So there’s I mean, there’s been some negative reaction, but no one’s been able to point to any fact – I mean that the story was accurate. None of the negative reactions have been surprising or upsetting to me. I have been a little surprised that there hasn’t been more – I would have thought that some of these program directors would have read what I wrote, like the story of Jill Montes and her and her son, who was who was sexually abused and nonetheless had to go to Family Bridges. I would have thought Family Bridges would read that and say, oh, my God, did we mess up? And that they would come out with some sort of explanation, an apology and like they’ve just been quiet.
Alvarez: What is the state of laws regulating family or even reunification programs since the investigations have come out?
Gentile: A law was passed around the time I started my investigation. A federal law that basically incentivizing states to ban judges from ordering these programs . That was called Kayden’s Law. Now, each state then has to ratify Kayden’s Law in order to receive federal funding. And so far, only two states have passed laws that are basically in some form ratifications of Kayden’s Law.
Let me put it this way: Two states have banned judges from ordering these reunification programs as of now. The first was Colorado, and the second, which just happened, is California. So basically, in 48 states, judges can still order. These reunification programs. Now that California has passed its law, apparently other states are clamoring to follow suit because I guess that’s how it works often with the California state legislature. Like what they do ends up being something that other states seek to emulate. We’ll see if that happens.
These laws are not as easy to pass as you might think, like watching our movie, you might think, well, of course, states are going to want to ban this, look how traumatized these children are. But judges don’t like when the legislature passes laws that they think infringe on their autonomy. And also the laws tend to not just involve banning reunification programs, but also the laws tend to create or even mandate training for judges on child abuse and domestic abuse and trauma. And judges resent that because they feel they don’t think it’s up to the legislature to tell them what they need to be trained on.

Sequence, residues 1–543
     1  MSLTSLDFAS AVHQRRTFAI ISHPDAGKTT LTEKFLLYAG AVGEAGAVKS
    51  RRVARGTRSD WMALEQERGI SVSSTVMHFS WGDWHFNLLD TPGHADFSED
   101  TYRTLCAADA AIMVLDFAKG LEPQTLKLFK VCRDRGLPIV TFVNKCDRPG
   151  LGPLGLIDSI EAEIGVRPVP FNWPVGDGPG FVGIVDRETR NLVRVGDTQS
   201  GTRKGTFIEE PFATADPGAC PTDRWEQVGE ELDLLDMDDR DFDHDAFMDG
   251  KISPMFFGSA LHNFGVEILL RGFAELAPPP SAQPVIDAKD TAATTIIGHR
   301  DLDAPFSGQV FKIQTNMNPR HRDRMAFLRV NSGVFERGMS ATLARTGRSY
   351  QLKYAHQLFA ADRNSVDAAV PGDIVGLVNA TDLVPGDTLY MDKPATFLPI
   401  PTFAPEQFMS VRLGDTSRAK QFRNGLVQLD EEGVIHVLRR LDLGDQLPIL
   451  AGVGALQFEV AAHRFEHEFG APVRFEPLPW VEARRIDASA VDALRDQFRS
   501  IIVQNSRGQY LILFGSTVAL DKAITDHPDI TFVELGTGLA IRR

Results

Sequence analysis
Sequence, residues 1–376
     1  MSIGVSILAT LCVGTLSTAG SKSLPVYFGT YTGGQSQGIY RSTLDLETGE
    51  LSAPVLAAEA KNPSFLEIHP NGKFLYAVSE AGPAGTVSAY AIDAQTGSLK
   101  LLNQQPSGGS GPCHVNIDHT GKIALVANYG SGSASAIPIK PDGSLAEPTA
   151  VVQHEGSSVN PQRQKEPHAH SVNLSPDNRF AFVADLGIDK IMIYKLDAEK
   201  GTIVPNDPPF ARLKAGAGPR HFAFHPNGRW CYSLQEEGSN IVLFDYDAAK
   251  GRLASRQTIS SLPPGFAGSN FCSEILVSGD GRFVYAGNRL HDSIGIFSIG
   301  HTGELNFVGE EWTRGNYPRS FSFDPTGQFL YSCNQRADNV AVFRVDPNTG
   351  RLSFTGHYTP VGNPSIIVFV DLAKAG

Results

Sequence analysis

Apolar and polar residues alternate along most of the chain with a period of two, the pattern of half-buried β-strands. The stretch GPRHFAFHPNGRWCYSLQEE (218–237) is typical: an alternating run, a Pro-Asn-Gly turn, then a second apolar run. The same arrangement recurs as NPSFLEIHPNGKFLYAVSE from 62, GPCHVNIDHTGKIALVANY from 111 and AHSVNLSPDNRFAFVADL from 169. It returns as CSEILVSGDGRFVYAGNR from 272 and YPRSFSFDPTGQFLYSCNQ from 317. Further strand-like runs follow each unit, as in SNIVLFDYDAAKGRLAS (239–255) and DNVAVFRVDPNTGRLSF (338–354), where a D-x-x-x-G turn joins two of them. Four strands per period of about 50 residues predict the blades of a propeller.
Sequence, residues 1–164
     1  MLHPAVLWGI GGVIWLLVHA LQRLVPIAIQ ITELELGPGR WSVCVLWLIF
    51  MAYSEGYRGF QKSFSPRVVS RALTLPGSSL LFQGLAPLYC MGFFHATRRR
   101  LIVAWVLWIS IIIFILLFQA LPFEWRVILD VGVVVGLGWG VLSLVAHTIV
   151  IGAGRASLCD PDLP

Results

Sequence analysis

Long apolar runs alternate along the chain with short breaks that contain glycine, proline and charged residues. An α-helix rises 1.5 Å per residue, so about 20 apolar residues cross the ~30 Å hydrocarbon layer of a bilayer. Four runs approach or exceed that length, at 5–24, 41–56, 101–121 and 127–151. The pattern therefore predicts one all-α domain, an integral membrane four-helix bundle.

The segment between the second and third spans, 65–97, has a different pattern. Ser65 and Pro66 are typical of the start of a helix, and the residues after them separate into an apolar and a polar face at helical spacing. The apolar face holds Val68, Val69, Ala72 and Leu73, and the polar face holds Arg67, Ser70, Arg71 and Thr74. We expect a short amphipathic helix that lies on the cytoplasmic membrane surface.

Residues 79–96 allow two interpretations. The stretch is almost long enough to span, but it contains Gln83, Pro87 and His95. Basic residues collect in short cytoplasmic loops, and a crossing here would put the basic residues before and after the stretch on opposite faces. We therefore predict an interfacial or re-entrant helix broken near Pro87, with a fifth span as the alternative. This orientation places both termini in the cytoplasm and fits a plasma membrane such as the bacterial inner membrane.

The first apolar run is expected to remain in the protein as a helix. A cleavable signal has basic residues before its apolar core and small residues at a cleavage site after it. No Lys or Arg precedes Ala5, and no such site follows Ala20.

Alvarez: Have you stayed in touch with the families that you talk to?
Gentile: Yes. I found working with the families to be really rewarding and and the only tension that ever arose with families, not necessarily be the only tension, but the main tension that arose was when and and I’m sure other reporters have encountered this too – so I ended up having like 35 cases to choose from. And I narrowed it down to two that I was going to focus on in my main story. Then I also ended up focusing on later stories on Maya and Sebastian’s. That’s a third case, right?
So that’s three cases out of 35. A bunch of the other families I had worked with extensively, maybe in some cases interviewed them four or five times. They’d given me their most private documents. And, you know, I developed a close relationship with them over the course of six months, nine months. And then I had to tell them that their story was not actually going to be. In the article that it was going to be streamlined down to just two, 2 to 3 cases. And that really upset a couple of the families because they were hoping. Even though they were supportive of the project as a whole, they had wanted their story in particular to be highlighted. So it’s not that anyone stopped talking to me. It’s just that I think that a couple families felt a little burned by that, which I felt bad about. But for the most part, I’ve maintained really strong, friendly relationships with all the families. I text with them all the time. They keep me posted on their cases, both progress and setbacks in their cases. I’m in touch with some of the kids, so. Yeah, probably every day I hear from someone.